Movie: Bon Cop, Bad Cop (2006)

Posted 28 April, 2012 by Lianne in Entertainment / 0 Comments

When the body of the executive of hockey Benoit Brisset is found on the billboard of the border of Quebec and Ontario, the jurisdiction of the crime is shared between the two police forces and detectives David Bouchard from Montreal and Martin Ward from Toronto are assigned to work together. With totally different styles, attitudes and languages, the reckless David and the ethical Martin join force to disclose the identity of the Tattoo Killer, a deranged serial-killer that is killing managers of hockey.
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I have been meaning to watch this movie for such a long time, I don’t know how it managed to slip under my radar when it first came out. This film was made here in Canada and encompasses a number of cultural issues and differences between French Canada and English Canada as well as national markers that we associate with the concept of being Canadian (hockey, bilingualism). As you can tell by the trailer, it’s also quite a roll in genres: murder mystery, action, comedy.

What’s really great about this movie is that it’s so Canadian, highlighted by the interchange between French and English. They also make a hilarious reference to translating between the two languages early on in the movie, a hilarious point at how our country is technically supposed to be bilingual and yet almost everyone is not bilingual. My French is not so great but it’s great to hear both languages utilised here; it’s especially amusing to note how distinct Quebecois French is (whenever I wach francophile movies, they’re usually from France so the accents are different). It’s also interesting to hear that certain English phrases do sneak in every now and then, partly stemming from (namely) Bouchard’s frustration at any given moment.

And then you have this particular gem of a moment about conjugating the word “fuck” in French; I’ve personally always marvelled how you’re able to conjugate that word and utilise it in some many ways grammatically-speaking (not to mention this scene highlights some differences between the Quebecois cop and the Ontario cop):

(Sorry, I couldn’t find a vid with the English subtitles–the grammatical lesson Bouchard gives Ward was pretty funny)

Speaking of which, it was absolutely fantastic how both cops are completely different personality-wise and how their ways of going about their work reflects their cultural differences: Bouchard thinks Ward is play-by-the-rules boring and uncool while Ward thinks Bouchard is reckless (see: Bouchard’s driving–a stereotype that Quebecois drivers (especially those from Montreal; and I can sort of attest to that during my time there) are pretty crazy) and not one who follows the rules. Yet over the course of the movie, we see them get over some of their prejudices of one another and learn to work with each other’s unorthodox tactics. Their various specialties also come in handy every now and then.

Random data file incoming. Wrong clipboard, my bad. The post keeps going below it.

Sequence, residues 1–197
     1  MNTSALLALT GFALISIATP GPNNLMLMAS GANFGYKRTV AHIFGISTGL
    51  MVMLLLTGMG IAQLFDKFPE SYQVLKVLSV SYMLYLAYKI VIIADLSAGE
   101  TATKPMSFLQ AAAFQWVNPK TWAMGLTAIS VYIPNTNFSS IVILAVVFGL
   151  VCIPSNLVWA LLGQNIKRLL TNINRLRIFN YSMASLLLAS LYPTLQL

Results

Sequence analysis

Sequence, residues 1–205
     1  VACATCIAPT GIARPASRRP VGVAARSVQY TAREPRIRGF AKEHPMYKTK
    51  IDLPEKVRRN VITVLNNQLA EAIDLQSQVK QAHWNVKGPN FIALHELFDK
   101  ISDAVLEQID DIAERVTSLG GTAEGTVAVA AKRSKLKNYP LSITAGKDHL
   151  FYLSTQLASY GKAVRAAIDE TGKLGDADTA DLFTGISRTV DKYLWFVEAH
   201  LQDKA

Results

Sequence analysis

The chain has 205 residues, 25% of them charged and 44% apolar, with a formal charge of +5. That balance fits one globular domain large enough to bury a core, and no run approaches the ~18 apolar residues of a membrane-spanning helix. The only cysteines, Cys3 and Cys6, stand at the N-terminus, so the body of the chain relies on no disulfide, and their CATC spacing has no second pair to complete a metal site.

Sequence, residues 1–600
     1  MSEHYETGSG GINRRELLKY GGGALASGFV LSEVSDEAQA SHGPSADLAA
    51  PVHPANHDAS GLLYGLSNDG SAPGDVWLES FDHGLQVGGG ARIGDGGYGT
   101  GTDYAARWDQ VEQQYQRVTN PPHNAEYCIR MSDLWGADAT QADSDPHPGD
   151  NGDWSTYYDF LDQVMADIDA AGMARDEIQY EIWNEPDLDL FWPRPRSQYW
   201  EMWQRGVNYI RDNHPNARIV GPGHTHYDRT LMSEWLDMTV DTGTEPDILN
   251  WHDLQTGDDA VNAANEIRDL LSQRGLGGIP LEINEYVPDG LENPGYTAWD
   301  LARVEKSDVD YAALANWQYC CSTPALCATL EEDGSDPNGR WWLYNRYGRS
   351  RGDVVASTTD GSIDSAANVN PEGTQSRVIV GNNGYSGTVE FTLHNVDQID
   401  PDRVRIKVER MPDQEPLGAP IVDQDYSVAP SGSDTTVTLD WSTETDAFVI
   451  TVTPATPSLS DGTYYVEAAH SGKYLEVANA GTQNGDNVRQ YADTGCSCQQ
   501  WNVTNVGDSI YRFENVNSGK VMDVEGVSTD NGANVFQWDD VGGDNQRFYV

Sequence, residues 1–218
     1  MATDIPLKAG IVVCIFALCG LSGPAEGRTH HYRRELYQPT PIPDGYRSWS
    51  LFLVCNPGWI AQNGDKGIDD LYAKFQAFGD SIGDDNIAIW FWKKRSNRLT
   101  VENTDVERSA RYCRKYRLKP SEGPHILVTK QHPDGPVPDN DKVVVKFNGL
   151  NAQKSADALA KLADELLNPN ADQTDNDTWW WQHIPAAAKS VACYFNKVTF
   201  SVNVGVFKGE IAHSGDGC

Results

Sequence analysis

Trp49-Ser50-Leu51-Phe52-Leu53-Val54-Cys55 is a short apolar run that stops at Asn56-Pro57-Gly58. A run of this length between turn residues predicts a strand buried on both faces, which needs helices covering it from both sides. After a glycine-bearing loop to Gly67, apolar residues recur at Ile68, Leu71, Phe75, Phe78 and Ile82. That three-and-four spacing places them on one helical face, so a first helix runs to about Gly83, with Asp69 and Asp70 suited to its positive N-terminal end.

Of course, some of the differences highlighted are broad strokes and ones that are often emphasised about when discussing the differences between both cultures. In some cases, it’s also extremely exaggerated, like Bouchard’s poking at how English Canada was into the monarchy and the Queen. Hockey also plays a major theme in the movie and is obviously considered a major Canadian past time; as the film shows though, this love for the “great game” can sometimes go a bit too far in our country (to take a real life example, the Vancouver riots almost two years ago after they lost during the finals for the Stanley Cup).

The comedy and clash between French Canadian and English Canadian culture aside, the plot is pretty straightforward, your standard cop murder mystery with the stakes amping up as you go along and the usual bureaucratic yelling from above. The editing was a wee bit weird at one point; I wasn’t sure how many days had passed in between scenes there but otherwise the pacing of the story was great. Colm Feore was fantastic as Martin Ward and it’s nice to see him play a role with a comedic element to it (I often see him in really serious roles, such as The Borgias as of late). Patrick Huard, who co-wrote the script, was fantastic as David Bouchard. His and Feore’s chemistry on screen was just pitch perfect. The rest of the cast was great and it was pretty amusing to see Rick Mercer play a role in the movie.

Overall, it was a fun movie with a lot of laugh-out-loud and oh-no moments. The mystery kept me entertained and it was just great watching Feore and Huard’s banter on-screen. And it’s great to see a movie that plays on our concept of Canadian national identity and the two major cultures that are present in our country. I’d highly recommend this movie if you’re looking for a comedy/action movie or you’re looking for a Canadian film to check out.

Rating: ★★★★★

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